Everybody Wins: Cancer in the World of PEPFAR

Posted on . in Blog Posts, Leadership, Non-Communicable Diseases

This post was written by Loyce Pace Bass, MPH, Director of Health Policy and Cameron Krier, JD, MPH, Director of Federal Relations at LIVESTRONG Foundation.

Legislation recently passed to renew the President’s Emergency Plan for AIDS Relief (PEPFAR) program included language that represents an important first step in assessing emerging health threats that could impact the program. A new reporting provision requires a discussion on how countries are addressing co-infections and co-morbidities of HIV/AIDS, including AIDS-related cancers. People living with HIV/AIDS are at a higher risk for certain types of cancers, such as cervical, liver and non-Hodgkin’s lymphoma. In fact, one out of three cancers in sub-Saharan Africa is caused by an infection.

LIVESTRONG works to ensure that NCDs are a priority everywhere.

LIVESTRONG works to ensure that NCDs are a priority everywhere.

The LIVESTRONG Foundation advocated for the inclusion of this new reporting requirement and believes that the PEPFAR platform can be leveraged to strengthen overall health systems and comprehensively fulfill patient needs. Countries can then be in a better position to take ownership of addressing other diseases, like cancer, in a way that builds on the success of current investments. For example, community health workers could be cross-trained in simple prevention and diagnostic techniques, such as the use of vinegar to detect cervical cancer and onsite cryotherapy to treat it. We believe that assessing and addressing these emerging diseases impacting the PEPFAR population is key to maintaining progress within the program. The NCD Roundtable, of which LIVESTRONG Foundation is a founding member, has repeatedly called for the US Government to build upon successful global health initiatives, such as PEPFAR, to ensure a broader response to non-communicable diseases (NCDs) worldwide.   

This September marked the second anniversary of the UN High-level Meeting on NCDs, at which heads of member states agreed these diseases and their risk factors are a major global health problem and committed to strategies across the development agenda to address them. Since then, the World Health Organization (WHO) has developed a global action plan on NCDs and member states have agreed to a set of global targets to better prevent or control NCDs, including cancer, and their risk factors around the world. WHO and member states are currently in the process of developing a coordinating mechanism that, ideally, will track implementation of the global strategy and hold parties accountable to the agreed overarching goal of reducing premature deaths from NCDs globally by 25% by the year 2025.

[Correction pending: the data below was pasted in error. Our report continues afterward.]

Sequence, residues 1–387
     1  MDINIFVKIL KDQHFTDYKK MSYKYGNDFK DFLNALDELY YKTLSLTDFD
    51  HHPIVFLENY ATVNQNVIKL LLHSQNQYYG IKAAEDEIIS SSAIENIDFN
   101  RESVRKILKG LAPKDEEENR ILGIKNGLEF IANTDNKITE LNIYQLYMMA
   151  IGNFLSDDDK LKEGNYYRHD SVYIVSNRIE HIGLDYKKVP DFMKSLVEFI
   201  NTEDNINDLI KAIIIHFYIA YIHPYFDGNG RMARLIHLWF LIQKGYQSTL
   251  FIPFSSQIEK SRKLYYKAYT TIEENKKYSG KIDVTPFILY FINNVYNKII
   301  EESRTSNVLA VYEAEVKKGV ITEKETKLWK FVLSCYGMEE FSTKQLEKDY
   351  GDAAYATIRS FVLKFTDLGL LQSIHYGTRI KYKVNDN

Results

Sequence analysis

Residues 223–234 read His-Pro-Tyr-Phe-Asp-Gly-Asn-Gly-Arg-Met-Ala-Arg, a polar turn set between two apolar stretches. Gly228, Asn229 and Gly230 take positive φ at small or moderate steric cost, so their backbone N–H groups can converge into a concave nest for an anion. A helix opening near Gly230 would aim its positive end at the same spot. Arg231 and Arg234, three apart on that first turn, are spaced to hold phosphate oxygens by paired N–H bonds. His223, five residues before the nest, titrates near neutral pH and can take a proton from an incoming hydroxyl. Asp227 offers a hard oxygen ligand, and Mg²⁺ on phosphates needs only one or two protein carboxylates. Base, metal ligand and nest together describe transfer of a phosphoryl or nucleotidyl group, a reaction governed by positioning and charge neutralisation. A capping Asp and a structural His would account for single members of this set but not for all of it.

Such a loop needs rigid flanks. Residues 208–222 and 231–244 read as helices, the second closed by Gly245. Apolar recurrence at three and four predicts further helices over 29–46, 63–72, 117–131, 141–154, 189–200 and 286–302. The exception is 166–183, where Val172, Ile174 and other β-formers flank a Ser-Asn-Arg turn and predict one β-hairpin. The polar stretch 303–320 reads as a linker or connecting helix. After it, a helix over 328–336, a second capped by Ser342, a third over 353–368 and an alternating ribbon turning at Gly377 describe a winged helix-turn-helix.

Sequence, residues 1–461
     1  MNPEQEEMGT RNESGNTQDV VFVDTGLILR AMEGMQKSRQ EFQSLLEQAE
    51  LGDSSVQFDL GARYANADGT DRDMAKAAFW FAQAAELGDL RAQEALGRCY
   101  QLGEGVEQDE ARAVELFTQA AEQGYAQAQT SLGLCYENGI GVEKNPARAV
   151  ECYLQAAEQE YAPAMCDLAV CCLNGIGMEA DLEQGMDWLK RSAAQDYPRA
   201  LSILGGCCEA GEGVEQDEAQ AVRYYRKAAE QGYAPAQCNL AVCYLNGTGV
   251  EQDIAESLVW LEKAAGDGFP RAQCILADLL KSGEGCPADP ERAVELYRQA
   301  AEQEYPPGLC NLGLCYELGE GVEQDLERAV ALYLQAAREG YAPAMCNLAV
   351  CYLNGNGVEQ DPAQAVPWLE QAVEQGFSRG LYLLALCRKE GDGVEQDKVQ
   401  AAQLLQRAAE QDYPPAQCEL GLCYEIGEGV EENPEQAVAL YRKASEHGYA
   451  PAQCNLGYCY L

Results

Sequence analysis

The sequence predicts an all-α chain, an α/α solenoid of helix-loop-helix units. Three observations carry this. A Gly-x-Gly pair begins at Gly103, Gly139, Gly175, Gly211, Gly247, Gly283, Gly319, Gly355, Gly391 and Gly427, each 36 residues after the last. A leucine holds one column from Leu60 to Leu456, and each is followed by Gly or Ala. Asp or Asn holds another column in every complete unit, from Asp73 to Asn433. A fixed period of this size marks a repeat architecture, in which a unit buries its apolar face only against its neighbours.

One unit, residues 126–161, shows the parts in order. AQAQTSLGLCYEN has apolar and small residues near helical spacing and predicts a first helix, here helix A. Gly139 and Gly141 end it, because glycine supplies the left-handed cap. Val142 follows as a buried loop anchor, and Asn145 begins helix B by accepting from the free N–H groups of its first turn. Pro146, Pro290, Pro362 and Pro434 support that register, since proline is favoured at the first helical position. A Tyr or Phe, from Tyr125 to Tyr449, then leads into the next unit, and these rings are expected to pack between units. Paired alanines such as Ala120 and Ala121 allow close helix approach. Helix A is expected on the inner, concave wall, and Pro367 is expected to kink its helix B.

Last week, the Union for International Cancer Control convened 250 stakeholders, including first ladies and ministers of health, from over 50 countries to propose novel cancer data, prevention, or treatment initiatives that could help achieve the new 2025 NCD goal. In particular, attendees presented innovative solutions that emphasized the integration of cancer into other global health priorities such as women’s health. Several interventions touched on how countries consider leveraging the PEPFAR platform to provide care for patients at dual risk for cancer. These more holistic approaches are essential in the new international health and development context.

As we approach 2015, the next iteration of broader global development goals is another important factor. How will NCDs (and cancer, specifically) be placed in any new framework? Arguably, cancer and its myriad risk factors such as tobacco use and unhealthy diets aren’t only a health issue but are relevant to other sectors such as agriculture or environment, urban planning or transportation, and finance or trade. The global cancer dialogue that has emerged also lends itself to how we have shifted from thinking about individual problems to patients as a whole. For example, what are the comprehensive needs of women and children – health, socioeconomic, or otherwise? Given diminishing resources for these issues across the board, it is increasingly important that we consider how best to extend current funding and platforms to advance new objectives.

 

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